An interdisciplinary team of Israeli scientists may have come one step closer to fact-checking the historical veracity of some biblical events.
Just one verse each day.
The Levantine Iron Age (1200-500 B.C) is a historical period of particularly foggy chronology. A deeply transformative era, it began with the decline of Bronze Age societies throughout the Eastern Mediterranean, and concluded with the collapse of Babylonian imperial rule at the end of the 6th century BC. As Fred Schwaller explains in his article for DW, this was a time “when many of the cultural histories of the Near East, North Africa and Europe were created, passed on through stories originally from the Hebrew Bible.”
Schwaller’s article reminds the reader how “matching events in the holy texts with actual history is a contentious issue among researchers.” They even have a name for it: It’s “the Iron Age Chronology Debate,” an ongoing discussion-conversation about the chronology of the events in the Bible during the Levantine Iron Age.
That debate might now be entering a new stage. Yoav Vaknin, an archeologist at Tel Aviv University and the Hebrew University of Jerusalem, recently published a paper in which he explains how a new method called geomagnetic and/or archaeomagnetic dating can help discover when events during the Levantine Iron Age took place.
Using these methods, archaeologists can now combine the biblical text’s account, extrabiblical historical sources, and scientifically excavated artifacts to arrive at a more precise dating of some events described in the Bible. Vaknin’s study, for example, focuses on military campaigns, including Pharaoh Shoshenq I’s conquest of the Levant around 900 BC, precisely at the peak of the Levantine Iron Age.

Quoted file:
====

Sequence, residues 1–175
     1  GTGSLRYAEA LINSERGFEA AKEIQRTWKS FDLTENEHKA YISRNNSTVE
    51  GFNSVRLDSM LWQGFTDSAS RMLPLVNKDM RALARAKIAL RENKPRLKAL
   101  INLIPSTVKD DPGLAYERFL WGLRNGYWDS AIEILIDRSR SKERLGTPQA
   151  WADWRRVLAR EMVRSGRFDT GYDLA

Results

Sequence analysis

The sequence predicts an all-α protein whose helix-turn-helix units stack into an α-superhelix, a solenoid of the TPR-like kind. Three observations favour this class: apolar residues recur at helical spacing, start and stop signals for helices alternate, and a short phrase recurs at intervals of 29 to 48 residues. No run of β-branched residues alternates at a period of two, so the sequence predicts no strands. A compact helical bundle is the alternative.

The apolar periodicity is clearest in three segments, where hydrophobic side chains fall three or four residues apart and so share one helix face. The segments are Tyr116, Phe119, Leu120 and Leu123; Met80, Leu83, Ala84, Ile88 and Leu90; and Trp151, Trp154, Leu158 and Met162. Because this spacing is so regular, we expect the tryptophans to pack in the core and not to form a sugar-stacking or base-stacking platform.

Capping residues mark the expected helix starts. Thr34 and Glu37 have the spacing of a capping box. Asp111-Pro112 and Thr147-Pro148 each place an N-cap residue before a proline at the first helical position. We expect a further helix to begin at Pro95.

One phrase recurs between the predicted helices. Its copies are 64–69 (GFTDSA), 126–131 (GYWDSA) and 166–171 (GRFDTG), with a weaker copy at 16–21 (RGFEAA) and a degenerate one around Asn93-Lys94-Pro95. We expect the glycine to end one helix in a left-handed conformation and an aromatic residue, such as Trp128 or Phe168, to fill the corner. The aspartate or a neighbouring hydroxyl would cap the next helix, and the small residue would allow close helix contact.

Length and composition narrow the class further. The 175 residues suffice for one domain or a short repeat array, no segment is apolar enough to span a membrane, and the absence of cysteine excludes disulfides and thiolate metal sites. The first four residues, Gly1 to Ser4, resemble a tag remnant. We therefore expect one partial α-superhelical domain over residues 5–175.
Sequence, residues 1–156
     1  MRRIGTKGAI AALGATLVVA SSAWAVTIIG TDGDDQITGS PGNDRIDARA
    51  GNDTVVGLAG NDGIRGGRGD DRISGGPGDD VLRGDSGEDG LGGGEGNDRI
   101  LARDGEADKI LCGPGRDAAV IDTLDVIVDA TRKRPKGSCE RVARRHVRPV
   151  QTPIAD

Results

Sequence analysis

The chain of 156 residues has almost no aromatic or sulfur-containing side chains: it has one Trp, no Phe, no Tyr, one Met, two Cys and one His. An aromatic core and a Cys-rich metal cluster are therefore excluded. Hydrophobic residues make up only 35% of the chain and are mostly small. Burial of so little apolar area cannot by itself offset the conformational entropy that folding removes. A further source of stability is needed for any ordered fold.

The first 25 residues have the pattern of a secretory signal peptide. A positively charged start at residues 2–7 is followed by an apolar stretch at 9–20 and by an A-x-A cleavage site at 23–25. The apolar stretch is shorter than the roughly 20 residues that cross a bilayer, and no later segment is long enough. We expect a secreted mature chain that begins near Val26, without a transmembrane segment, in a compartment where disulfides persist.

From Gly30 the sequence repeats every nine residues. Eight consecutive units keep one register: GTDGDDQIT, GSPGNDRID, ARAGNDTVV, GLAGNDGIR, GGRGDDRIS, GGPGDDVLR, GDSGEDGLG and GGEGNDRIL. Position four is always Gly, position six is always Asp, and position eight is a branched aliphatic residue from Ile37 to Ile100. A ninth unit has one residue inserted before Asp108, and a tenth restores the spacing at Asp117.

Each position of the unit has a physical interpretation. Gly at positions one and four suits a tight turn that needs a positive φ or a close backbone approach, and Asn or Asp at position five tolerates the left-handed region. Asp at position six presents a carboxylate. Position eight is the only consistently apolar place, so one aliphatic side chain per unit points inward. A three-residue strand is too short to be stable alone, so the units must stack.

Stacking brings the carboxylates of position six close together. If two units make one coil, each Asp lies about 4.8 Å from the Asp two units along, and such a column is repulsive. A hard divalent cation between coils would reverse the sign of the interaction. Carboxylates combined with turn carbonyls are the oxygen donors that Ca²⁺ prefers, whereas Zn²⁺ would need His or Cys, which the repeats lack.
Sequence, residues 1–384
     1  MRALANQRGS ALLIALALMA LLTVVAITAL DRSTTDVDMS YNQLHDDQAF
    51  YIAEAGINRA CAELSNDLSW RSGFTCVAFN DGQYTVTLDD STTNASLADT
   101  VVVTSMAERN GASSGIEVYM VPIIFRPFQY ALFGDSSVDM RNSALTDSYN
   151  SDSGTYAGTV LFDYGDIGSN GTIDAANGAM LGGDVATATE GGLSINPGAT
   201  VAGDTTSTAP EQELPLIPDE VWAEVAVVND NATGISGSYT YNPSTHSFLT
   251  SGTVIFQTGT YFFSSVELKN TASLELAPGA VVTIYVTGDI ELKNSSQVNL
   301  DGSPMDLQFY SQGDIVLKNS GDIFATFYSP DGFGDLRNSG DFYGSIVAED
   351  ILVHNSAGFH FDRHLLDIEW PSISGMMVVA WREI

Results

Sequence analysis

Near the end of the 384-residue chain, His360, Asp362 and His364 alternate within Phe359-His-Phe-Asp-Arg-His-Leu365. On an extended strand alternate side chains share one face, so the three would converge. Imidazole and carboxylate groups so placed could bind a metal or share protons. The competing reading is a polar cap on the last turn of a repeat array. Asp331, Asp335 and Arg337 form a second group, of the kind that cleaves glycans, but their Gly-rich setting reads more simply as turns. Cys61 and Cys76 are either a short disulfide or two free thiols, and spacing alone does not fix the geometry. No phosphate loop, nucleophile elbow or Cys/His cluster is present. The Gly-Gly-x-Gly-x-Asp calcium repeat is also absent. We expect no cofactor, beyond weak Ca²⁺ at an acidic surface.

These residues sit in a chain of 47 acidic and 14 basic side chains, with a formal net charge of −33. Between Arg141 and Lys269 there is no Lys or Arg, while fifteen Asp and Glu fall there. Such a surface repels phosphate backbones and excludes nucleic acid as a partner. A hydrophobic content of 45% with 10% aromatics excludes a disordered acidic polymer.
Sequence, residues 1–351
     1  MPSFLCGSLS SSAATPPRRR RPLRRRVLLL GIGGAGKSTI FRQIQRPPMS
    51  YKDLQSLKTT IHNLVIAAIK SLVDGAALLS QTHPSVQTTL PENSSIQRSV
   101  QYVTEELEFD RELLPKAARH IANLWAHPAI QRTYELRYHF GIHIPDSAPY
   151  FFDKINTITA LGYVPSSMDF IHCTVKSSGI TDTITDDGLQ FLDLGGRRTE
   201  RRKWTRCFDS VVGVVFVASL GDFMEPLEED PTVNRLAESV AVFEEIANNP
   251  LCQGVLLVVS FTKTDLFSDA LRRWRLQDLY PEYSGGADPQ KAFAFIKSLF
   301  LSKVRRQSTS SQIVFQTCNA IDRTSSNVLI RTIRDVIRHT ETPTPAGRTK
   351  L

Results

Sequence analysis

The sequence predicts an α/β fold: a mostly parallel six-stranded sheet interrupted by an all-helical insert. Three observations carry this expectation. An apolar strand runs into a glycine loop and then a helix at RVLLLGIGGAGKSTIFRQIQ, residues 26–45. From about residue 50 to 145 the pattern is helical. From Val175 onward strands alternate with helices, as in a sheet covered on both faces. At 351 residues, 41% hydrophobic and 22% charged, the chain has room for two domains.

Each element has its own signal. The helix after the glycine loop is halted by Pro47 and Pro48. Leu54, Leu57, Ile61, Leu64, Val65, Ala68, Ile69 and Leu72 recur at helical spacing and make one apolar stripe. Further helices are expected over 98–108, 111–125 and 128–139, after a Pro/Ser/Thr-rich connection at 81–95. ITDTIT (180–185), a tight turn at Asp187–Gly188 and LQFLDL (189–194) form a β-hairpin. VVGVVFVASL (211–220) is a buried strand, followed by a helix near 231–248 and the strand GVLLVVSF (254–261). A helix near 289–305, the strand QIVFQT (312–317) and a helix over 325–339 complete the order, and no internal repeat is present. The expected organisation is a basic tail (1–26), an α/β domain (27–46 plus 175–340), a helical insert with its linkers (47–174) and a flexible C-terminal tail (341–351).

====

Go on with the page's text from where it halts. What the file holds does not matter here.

As Amanda Borschel-Dan explains in her article for The Times of Israel, “the method utilizes excavation layers that have already been reliably dated to create baseline anchors for the archaeomagnetic data, which can then be applied to other sites that until now had been impossible to confidently date. The more anchors are created, the researchers say, the more finely calibrated the dating method will become.”
Vaknin’s study, titled “Reconstructing biblical military campaigns using geomagnetic field data,” was published Tuesday in the open-sourced scientific journal Proceedings of the National Academy of Sciences of the USA (PNAS). It tried out the method on 20 excavation layers, some of which could not previously be securely dated.
In short, the magnetic field is a constantly shifting invisible “shield” that stems from magnetic ore in the Earth’s core. Archaeological findings such as pottery sherds, bricks, roof tiles, and furnaces record the Earth’s magnetic field as they are burned at high temperatures, causing their magnetic minerals to be re-magnetized to the direction and magnitude of the field when they were heated. This data, Vaknin’s study explains, is similar to a fingerprint and is unique to the date it was recorded.